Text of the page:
Nextracker CEO says ‘solar is unstoppable’ as market sees ‘unprecedented demand growth’

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Solar power farm in the evening.

Pavel Babic | Istock | Getty Images

Solar power is on a path to double every two to three years amid an “unprecedented period of demand growth” for new electricity generation, the CEO of Nextracker told CNBC.

“Solar is unstoppable,” Nextracker founder and CEO Dan Shugar said in an interview after the company’s latest quarterly report. Nextracker manufactures systems for solar panels to track the direction of the sun.

“The intrinsic economics of utility scale are phenomenal both in the U.S. and overseas. It’s never been as favorable as it is,” Shugar said.

Nextracker’s stock closed nearly 25% higher Thursday at $56.50 after the company exceeded Wall Street’s earnings expectations by a wide margin, raised its guidance and reported a record order backlog.

The company has been a tear since its successful initial public offering in February 2023, beating earnings expectations and raising its guidance three quarters in a row.

While the solar industry is fighting to emerge from the doldrums, Nextracker is significantly outperforming the sector. The company’s stock is up about 24% this year, while the Invesco Solar ETF is down nearly 21%.

The residential solar space has taken a beating as households have been slammed financially by high interest rates, depressing demand and leaving the installers with too much inventory on their hands.

But Nextracker’s fiscal third-quarter revenue has grown 38% year over year to $710 million as demand among the large utility-scale customers that the company serves continues to grow. The company’s order backlog on Dec. 31, 2023 “significantly exceeds” $3 billion, up from $2.6 billion at the end of its fiscal year in March 2023.

Data centers, the electrification of appliances and transportation, and reindustrialization in the U.S. are driving a growing need for electricity, Shugar said. Nearly 300 gigawatts of new power plants are needed over the next 5 years and 500 gigawatts over the next decade to the meet the need, he said.

Solar is faster to build and cheaper than conventional energy sources and provides insulation from the volatility of fuel prices, Shugar said. Solar is expected to see 26% compound annual growth over the next five years and will become the leading source of U.S. electricity generation in a decade, he said.

Utility-scale solar costs anywhere from $24 to $96 per megawatt hour without subsidies, about 56% cheaper than nuclear and gas peaking and 42% less expensive than coal at the top end of the cost estimate range, according to an April 2023 report from Lazard.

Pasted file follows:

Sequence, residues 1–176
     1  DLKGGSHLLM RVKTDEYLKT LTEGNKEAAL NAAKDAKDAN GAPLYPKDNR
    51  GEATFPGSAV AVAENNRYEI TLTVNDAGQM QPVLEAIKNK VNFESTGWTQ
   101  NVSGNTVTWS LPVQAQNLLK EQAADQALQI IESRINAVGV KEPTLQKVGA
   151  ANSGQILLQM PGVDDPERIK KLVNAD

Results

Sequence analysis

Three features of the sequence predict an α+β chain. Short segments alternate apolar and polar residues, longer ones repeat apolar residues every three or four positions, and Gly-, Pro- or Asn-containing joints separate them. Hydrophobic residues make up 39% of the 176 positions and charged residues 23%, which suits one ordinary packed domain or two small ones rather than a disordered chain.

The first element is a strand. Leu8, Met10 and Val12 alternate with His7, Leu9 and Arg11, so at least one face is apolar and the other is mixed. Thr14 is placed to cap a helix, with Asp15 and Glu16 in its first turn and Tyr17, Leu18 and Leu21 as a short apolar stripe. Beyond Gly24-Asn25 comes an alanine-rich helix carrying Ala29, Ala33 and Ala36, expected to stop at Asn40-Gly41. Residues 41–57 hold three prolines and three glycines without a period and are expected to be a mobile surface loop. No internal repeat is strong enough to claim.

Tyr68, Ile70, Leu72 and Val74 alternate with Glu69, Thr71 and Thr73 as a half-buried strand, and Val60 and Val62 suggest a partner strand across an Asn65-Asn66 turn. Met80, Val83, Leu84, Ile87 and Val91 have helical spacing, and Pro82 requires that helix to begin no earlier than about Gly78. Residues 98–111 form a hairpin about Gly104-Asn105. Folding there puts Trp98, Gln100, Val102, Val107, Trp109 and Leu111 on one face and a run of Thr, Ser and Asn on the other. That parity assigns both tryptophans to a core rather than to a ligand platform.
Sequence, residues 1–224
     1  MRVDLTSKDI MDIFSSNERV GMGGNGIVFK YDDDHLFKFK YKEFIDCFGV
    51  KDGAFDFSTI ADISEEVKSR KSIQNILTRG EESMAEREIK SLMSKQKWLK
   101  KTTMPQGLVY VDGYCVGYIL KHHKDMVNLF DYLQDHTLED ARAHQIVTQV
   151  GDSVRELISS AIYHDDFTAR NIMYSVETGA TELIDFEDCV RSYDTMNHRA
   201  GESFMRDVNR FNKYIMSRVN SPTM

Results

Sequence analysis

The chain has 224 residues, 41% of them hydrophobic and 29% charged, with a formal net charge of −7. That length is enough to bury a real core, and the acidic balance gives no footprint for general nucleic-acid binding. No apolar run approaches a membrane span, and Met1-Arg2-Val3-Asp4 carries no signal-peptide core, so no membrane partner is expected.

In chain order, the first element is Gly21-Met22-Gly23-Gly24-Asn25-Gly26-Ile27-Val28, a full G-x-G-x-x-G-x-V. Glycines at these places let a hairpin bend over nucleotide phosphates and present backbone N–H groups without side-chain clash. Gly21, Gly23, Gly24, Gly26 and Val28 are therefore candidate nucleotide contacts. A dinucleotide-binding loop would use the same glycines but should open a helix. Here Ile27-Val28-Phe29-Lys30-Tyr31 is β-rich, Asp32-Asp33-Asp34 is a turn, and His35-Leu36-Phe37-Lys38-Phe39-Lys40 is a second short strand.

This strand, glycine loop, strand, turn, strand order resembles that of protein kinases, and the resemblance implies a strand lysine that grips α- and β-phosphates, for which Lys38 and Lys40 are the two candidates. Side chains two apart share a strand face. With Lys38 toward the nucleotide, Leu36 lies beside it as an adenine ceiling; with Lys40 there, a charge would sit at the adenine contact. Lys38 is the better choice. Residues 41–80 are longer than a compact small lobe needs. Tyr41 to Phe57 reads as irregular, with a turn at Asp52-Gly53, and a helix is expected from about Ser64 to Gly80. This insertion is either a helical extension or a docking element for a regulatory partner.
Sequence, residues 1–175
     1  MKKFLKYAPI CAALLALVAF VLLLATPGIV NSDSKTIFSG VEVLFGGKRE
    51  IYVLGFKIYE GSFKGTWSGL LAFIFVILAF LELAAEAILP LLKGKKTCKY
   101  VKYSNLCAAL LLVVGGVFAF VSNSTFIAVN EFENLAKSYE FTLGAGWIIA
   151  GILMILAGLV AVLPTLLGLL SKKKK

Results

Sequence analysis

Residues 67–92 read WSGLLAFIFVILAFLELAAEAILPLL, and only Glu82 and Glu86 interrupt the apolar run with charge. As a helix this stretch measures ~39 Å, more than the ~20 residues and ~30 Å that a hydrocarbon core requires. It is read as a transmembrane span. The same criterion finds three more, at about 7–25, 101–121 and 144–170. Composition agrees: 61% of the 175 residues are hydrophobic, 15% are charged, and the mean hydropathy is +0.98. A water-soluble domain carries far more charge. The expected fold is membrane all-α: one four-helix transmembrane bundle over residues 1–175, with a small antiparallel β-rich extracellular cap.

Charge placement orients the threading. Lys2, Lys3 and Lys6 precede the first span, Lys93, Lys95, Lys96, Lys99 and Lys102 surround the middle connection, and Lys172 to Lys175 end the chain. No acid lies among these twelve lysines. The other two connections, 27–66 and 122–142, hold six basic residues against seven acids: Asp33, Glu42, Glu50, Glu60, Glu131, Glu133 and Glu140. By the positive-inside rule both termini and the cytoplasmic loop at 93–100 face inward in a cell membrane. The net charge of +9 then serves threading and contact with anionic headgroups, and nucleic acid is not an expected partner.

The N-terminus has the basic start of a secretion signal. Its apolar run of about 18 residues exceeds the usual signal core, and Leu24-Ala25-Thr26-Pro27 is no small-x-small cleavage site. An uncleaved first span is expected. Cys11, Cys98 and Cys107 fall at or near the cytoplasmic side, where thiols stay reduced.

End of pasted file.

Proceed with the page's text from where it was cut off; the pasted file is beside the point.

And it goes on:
With demand growing, Nextracker has raised its revenue forecast for fiscal 2024 to a range of $2.43 billion to $2.48 billion, compared to between $2.3 billion and $2.4 billion, previously.

The company also raised its net income guidance for the year to $374 million to $429 million, compared to $237 million to $266 million previously. This includes $50 million to $80 million in benefits from tax credits under the Inflation Reduction Act.

Geopolitical, 2024 election risks

The industry faces potential headwinds from rising geopolitical risks abroad and the 2024 presidential election at home. There is growing uncertainty about whether the IRA, which has been a boon for the industry, will survive if Republicans win unified control of government.

Shugar said he expects the IRA tax provisions will prove resilient. Nextracker has invested in 25 gigawatts of domestic manufacturing in districts across the political spectrum, he said.

“The IRA provisions that are really most impactful to the market are tax code,” Shugar said. “Those tend to have a lot of persistence. The day after the election, those don’t evaporate,” he said.

“Most of the factories that we’re building are across the political spectrum, so there’s a lot of jobs in a lot of places,” the CEO said. “We think there’s a lot of political tailwinds for what we’re doing,” he said.

Nextracker has been impacted by shipping disruptions in the Red Sea from militant attacks on commercial vessels and the drought that has restricted traffic through the Panama Canal, Shugar said.

Logistics costs have increased and shipments of materials have been delayed in some cases, though the company has been able to manage so far, he said.

“It is impacting us,” Shugar said. “It’s not material, meaning it’s factored into our guidance as we understand the issue today, but we don’t want to see ‘hot wars’ continue escalating and impacting global markets and financing.”

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